CIAP 2023 ENV vs PT ITD CI Presentation

Sensitivity of inferior colliculus to interaural time and level differences in neonatally deafened rats. 

Shiyi FANG, Fei Peng, Bruno Castellaro, Muhammad Zeeshan, Nicole Rosskothen-Kuhl, Jan Schnupp


Binaural cues, such as interaural time difference (ITD), play a crucial role in localizing sound sources in the auditory system. However, contemporary cochlear implant (CI) processors use a coding strategy that only conveys the ITD information contained in the envelope of the sound (envelope ITD) to the cochlear implant (CI) user. As a result, the ITD information contained in the temporal fine structure of the sound (pulse-timing ITD) is not transmitted, which may contribute to the poor spatial hearing perception of CI users. 
To investigate the sensitivity of CI-implanted rats to envelope and pulse timing ITD, we designed a stimulus comprising a 900pps pulse train modulated by a 20 Hz sine envelope in which pulse timing ITD (PT_ITD) and envelope ITD (ENV_ITD) could vary independently from the values {-0.1, 0, 0.1 ms}. We recorded neural activity from the inferior colliculus (IC) of anesthetized neonatal deafened rats using a multi-channel silicon probe. For each multi-unit, we first applied a Wiener filter method to remove electrical artifacts, and then computed the analog multi-unit activity (AMUA) over the onset response window (0-50 ms) and the baseline window (150-200 ms). Any multi-unit with a peak amplitude in the onset window AMUA larger than the average plus 5 times the standard deviation of the baseline window AMUA was identified as responsive to the CI stimulation. For every responsive multi-unit, the proportion of variance explained by PT_ITD and ENV_ITD was computed to reveal the effect of envelope and pulse timing ITD on AMUA intensity.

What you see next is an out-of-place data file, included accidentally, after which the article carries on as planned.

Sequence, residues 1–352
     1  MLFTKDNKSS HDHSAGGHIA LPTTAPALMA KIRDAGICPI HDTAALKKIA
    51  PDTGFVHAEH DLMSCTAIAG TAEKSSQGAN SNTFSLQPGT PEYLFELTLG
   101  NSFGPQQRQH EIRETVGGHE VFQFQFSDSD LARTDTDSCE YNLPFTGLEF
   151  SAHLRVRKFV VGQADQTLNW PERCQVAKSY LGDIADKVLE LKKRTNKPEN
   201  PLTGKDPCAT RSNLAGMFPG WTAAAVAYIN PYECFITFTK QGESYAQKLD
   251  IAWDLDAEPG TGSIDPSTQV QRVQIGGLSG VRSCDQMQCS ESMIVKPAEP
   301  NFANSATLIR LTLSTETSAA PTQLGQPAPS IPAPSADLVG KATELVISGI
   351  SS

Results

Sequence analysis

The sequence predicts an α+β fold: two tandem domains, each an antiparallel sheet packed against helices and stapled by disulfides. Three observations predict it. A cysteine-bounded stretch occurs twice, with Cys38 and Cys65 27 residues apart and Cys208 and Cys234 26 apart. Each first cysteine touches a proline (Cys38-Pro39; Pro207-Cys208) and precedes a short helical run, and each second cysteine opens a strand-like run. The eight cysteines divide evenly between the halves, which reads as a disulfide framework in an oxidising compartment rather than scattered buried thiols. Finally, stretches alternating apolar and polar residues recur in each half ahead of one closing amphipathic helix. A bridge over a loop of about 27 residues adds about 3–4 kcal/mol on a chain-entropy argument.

Our study recorded a total of 332 responsive multi-units, with 83% of them being sensitive to PT_ITD, while only one multi-unit was found to be sensitive to ENV_ITD. This indicates that CI-implanted rats exhibit far greater sensitivity to pulse timing ITD than envelope ITD. These findings suggest that the current CI stimulus strategy is not providing effective ITD information that CI users are sensitive to, and that CI users have the potential for better sound localization ability.

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